Incidentally, the events depicted in the film unfolded almost exactly a month after the release of In the Heat of the Night, a movie in which a black cop (Sidney Poitier) runs rings around a bigoted southern cop (Rod Steiger) in solving a murder case. The film would still have been playing in Detroit when the riots took place. Agatha Christie’s trickiest murder mystery, Murder on the Orient Express, first published in 1934, is brought to the screen for the second time in a very handsome production directed by Kenneth Branagh, who also plays master detective Hercule Poirot and boasts the most spec- Detroit; Murder on the Orient Express tacular moustache in screen history. In 1974, Sidney Lumet filmed the page-turner with Albert Finney as Poirot (boasting much less spectacular facial hair) and a stellar cast that included Sean Connery, Ingrid Bergman, Vanessa Redgrave and John Gielgud among the suspects in the murder of obnoxious American Richard Widmark. Branagh’s version is shorter, by nearly 20 minutes, but not noticeably better.
The challenge lies in the material itself; a man nobody likes (played in this version by Johnny Depp) is stabbed to death on the Orient Express as it travels through the mountains of (presumably) Yugoslavia. Almost immediately an avalanche blocks the train’s progress, and ensures that only the people travelling first class in the same carriage as the murdered man can be considered as possible suspects — and it’s unfortunate for them that the great Belgian investigator is also on board.
By its very nature, then, the drama unfolds in confined spaces — and Branagh and his cinematographer, Haris Zambarloukos (shooting on 65mm film) strive mightily to provide some visual variety. Key sequences are rather distractingly filmed from overhead and there are a great number of very busy tracking shots that follow the exterior of the train, as well as numerous camera set-ups that shoot through distorting glass.
In another attempt to open out the material, Branagh’s amazingly robust Poirot becomes involved in some outdoor physical action with one of the suspects.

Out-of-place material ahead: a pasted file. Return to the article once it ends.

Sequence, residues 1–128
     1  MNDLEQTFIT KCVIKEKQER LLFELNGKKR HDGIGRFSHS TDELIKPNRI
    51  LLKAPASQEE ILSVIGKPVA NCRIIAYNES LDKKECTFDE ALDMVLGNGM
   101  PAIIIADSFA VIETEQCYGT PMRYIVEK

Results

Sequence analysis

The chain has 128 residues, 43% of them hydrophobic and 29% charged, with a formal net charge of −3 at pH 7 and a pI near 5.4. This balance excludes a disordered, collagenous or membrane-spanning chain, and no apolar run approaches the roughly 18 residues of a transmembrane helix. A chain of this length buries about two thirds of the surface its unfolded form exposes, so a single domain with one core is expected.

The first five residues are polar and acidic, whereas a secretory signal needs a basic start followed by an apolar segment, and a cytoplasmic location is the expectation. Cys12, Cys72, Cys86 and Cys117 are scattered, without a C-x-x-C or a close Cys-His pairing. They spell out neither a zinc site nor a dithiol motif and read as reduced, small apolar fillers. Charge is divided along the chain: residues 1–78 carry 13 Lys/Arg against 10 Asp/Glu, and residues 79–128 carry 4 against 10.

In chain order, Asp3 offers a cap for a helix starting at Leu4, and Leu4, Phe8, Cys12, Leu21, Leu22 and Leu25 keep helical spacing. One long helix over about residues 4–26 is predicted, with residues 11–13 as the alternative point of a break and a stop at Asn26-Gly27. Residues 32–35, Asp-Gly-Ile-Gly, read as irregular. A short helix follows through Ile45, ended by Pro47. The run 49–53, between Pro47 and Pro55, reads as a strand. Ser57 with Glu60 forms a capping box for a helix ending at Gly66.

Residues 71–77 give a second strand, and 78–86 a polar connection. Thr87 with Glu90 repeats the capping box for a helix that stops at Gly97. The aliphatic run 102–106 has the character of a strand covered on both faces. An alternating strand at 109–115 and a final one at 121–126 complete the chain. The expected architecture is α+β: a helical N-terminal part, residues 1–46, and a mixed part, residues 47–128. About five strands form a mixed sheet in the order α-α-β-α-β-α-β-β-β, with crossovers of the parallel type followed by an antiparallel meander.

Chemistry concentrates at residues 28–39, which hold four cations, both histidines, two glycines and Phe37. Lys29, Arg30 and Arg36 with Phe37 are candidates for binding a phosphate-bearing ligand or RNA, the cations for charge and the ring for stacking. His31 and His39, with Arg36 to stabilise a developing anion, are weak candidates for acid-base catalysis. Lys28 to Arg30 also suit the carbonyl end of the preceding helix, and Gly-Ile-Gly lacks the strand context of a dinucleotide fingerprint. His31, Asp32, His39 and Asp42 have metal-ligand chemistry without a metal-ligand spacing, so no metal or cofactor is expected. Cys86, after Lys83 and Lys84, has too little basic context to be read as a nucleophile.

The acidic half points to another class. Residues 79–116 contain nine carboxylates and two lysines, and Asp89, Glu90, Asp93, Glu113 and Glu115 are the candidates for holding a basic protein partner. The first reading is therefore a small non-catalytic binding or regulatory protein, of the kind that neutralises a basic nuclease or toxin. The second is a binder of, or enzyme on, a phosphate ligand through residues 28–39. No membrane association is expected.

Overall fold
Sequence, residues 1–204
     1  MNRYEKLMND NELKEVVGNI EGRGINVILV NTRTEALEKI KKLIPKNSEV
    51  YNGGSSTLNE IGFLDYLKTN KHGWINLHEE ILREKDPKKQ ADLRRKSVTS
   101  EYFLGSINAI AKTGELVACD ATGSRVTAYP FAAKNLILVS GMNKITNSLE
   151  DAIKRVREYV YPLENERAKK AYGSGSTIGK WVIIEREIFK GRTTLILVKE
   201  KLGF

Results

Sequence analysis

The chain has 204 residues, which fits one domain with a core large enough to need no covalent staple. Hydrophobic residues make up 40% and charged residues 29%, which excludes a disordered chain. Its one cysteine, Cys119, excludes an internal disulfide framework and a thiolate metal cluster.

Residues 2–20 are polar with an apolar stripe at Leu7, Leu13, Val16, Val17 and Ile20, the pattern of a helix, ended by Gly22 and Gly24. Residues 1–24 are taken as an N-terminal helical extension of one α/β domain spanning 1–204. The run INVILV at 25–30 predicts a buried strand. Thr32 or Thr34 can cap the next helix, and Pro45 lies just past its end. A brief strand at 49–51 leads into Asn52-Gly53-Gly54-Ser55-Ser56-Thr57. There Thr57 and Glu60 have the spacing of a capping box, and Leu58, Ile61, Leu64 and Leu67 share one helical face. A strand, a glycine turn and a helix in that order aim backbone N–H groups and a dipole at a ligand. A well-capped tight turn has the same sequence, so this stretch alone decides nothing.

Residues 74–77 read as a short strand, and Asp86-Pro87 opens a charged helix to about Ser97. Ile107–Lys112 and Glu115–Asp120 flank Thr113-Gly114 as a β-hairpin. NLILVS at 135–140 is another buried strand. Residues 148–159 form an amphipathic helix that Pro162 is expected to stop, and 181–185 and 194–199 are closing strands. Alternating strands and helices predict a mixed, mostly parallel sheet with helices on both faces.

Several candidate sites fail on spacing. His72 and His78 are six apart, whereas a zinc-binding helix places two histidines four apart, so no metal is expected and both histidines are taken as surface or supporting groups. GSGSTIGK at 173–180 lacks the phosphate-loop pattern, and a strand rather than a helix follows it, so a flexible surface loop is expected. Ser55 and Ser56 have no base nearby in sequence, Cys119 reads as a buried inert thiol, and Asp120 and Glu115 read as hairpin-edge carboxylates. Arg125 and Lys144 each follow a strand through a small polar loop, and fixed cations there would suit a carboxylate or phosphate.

Depp, scarred and brooding, makes an impression in his few scenes, even seizing the opportunity to make a joke about an unwelcome canine. The suspects include, most notably, Judi Dench as a Russian grande dame, Willem Dafoe as an Austrian professor (or is he?), Penelope Cruz as a religious fanatic, Derek Jacobi as the dead man’s valet and — in a major switch from the original — black actor Leslie Odom Jr as Dr Arbuthnot, a character who was originally an army officer and was played by Sean Connery in the Lumet film.
Every member of the ensemble cast is as good as you’d expect them to be, but it’s Branagh front and centre, expounding his philosophies (“There is right and there is wrong — nothing in between”) and making sense of the numerous clues that have been scattered around the murder scene.
Lumet’s film was a major box-office success, and won an Oscar for Bergman, so perhaps it’s not so surprising that, at the end of Branagh’s movie, there’s a strong suggestion he’ll be back with a new version of Death on the Nile.
He has made a creditable, but by no means outstanding, crack at filming a much-loved but extremely old-fashioned murder mystery.
BIGELOW’S ANGRY, TROUBLING FILM IS A REMINDER THAT RACISM IS NEVER VERY FAR BENEATH THE SURFACE
Will Poulter as Krauss, main picture, and Anthony Mackie as Greene, inset, in Daisy Ridley, bottom left, and Michelle Pfeiffer, bottom right, in